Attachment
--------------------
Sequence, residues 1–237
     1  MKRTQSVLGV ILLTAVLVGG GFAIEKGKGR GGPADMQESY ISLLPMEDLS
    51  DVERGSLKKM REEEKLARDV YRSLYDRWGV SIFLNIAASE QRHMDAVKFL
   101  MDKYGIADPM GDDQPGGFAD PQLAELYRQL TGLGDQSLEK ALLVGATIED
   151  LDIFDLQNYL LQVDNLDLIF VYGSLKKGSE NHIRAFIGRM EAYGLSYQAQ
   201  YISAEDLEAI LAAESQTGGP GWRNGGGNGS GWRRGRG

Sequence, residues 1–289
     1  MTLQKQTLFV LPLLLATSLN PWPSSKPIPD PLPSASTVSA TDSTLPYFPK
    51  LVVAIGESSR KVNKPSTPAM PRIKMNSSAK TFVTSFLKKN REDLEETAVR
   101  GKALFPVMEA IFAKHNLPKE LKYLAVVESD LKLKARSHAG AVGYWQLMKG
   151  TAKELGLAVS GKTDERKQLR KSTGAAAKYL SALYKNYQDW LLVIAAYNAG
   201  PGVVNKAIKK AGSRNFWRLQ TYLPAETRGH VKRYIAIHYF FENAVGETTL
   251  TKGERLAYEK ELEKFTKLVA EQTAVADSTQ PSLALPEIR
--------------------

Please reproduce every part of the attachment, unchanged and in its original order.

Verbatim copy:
Sequence, residues 1–237
     1  MKRTQSVLGV ILLTAVLVGG GFAIEKGKGR GGPADMQESY ISLLPMEDLS
    51  DVERGSLKKM REEEKLARDV YRSLYDRWGV SIFLNIAASE QRHMDAVKFL
   101  MDKYGIADPM GDDQPGGFAD PQLAELYRQL TGLGDQSLEK ALLVGATIED
   151  LDIFDLQNYL LQVDNLDLIF VYGSLKKGSE NHIRAFIGRM EAYGLSYQAQ
   201  YISAEDLEAI LAAESQTGGP GWRNGGGNGS GWRRGRG

Sequence, residues 1–289
     1  MTLQKQTLFV LPLLLATSLN PWPSSKPIPD PLPSASTVSA TDSTLPYFPK
    51  LVVAIGESSR KVNKPSTPAM PRIKMNSSAK TFVTSFLKKN REDLEETAVR
   101  GKALFPVMEA IFAKHNLPKE LKYLAVVESD LKLKARSHAG AVGYWQLMKG
   151  TAKELGLAVS GKTDERKQLR KSTGAAAKYL SALYKNYQDW LLVIAAYNAG
   201  PGVVNKAIKK AGSRNFWRLQ TYLPAETRGH VKRYIAIHYF FENAVGETTL
   251  TKGERLAYEK ELEKFTKLVA EQTAVADSTQ PSLALPEIR